Another favorite game of mine is Bloodborne. Is Bloodborne fun? Yes. Sometimes. It’s satisfying, cathartic, aesthetically beautiful, narratively intriguing. It has a mood and a world that draws you in and holds firm your attention. It is also frightening, intense, and stressful. It demands exhausting amounts of concentration and patience. It can induce bouts of sudden rage and anxiety. None of this is fun. And yet we persist. We feel angry, and yet we persist. In this sense, we are the embodiment of Ninja’s tweet. And so, is he right?
Well, let’s look at another favorite game of mine, and my personal favorite game of all time: Final Fantasy IX. I love this game for how its characters are written, how its world is built, and how its story is told. I love it for the soundtrack, character design, and how the aesthetics perfectly marry with its story and dialogue. I love it for how it’s perhaps the least challenging Final Fantasy game. I love the steampunk/medieval fantasy genre. I love this game for turning me into a reader. Is everything I have described here “fun”? That depends on who you ask and how you define fun.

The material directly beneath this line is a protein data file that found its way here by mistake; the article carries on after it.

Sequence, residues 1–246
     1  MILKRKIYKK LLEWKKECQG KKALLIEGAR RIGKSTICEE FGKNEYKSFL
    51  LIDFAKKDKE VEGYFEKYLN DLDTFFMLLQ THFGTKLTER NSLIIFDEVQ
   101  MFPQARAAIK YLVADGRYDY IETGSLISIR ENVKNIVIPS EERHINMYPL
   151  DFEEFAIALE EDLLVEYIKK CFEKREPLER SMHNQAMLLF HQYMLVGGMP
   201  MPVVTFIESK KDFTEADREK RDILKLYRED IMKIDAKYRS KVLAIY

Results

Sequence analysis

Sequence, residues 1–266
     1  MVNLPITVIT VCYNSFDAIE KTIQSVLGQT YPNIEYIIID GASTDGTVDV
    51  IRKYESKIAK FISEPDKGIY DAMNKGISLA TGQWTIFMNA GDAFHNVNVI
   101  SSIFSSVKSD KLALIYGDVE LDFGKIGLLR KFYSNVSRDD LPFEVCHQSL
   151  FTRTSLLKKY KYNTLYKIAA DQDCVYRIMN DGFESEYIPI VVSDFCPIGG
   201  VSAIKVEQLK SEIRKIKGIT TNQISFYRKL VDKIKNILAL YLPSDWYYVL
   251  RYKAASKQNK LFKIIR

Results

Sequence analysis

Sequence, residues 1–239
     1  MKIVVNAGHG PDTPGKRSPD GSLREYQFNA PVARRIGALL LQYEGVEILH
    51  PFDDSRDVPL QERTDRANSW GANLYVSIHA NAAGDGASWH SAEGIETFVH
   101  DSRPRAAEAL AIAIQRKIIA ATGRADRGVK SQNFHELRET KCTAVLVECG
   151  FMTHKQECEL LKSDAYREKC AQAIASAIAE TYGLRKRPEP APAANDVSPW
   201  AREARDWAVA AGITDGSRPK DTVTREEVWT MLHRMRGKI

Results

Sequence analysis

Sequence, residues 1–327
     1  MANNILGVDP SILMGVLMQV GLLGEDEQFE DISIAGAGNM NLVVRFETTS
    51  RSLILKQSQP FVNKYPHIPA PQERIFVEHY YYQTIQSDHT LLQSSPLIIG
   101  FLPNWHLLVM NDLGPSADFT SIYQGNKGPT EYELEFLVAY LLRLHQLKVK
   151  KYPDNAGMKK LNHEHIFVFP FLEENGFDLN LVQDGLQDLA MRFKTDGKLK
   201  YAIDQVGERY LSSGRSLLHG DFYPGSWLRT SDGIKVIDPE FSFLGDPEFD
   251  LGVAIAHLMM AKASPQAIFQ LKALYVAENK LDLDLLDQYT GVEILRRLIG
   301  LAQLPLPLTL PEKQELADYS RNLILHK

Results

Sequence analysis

With these three examples, it’s clear to see how video games are much more than fun. That they can provide an experience that is far from, or even opposed to, what we might call fun. But that can be rewarding. It might be rewarding in the sense that Ninja was, awkwardly, aggressively, naively, and tactlessly trying to convey. That being the sense of catharsis one gets from going up against a challenge and coming out victorious, or from competing head-to-head with another player and winning. That feeling of elation is not fun, it’s rewarding.